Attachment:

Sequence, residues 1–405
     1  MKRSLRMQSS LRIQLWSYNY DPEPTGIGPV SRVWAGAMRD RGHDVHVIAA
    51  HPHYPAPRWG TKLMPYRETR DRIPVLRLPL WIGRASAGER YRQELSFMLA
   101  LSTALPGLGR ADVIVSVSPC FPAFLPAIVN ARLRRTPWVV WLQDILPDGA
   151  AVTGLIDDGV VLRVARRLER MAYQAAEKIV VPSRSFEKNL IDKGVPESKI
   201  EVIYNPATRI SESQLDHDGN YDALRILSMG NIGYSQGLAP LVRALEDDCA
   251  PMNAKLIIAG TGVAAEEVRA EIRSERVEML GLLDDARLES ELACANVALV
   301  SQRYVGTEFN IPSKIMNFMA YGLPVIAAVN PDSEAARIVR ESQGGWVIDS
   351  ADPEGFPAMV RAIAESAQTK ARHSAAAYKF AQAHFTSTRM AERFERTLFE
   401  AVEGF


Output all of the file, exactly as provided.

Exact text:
Sequence, residues 1–405
     1  MKRSLRMQSS LRIQLWSYNY DPEPTGIGPV SRVWAGAMRD RGHDVHVIAA
    51  HPHYPAPRWG TKLMPYRETR DRIPVLRLPL WIGRASAGER YRQELSFMLA
   101  LSTALPGLGR ADVIVSVSPC FPAFLPAIVN ARLRRTPWVV WLQDILPDGA
   151  AVTGLIDDGV VLRVARRLER MAYQAAEKIV VPSRSFEKNL IDKGVPESKI
   201  EVIYNPATRI SESQLDHDGN YDALRILSMG NIGYSQGLAP LVRALEDDCA
   251  PMNAKLIIAG TGVAAEEVRA EIRSERVEML GLLDDARLES ELACANVALV
   301  SQRYVGTEFN IPSKIMNFMA YGLPVIAAVN PDSEAARIVR ESQGGWVIDS
   351  ADPEGFPAMV RAIAESAQTK ARHSAAAYKF AQAHFTSTRM AERFERTLFE
   401  AVEGF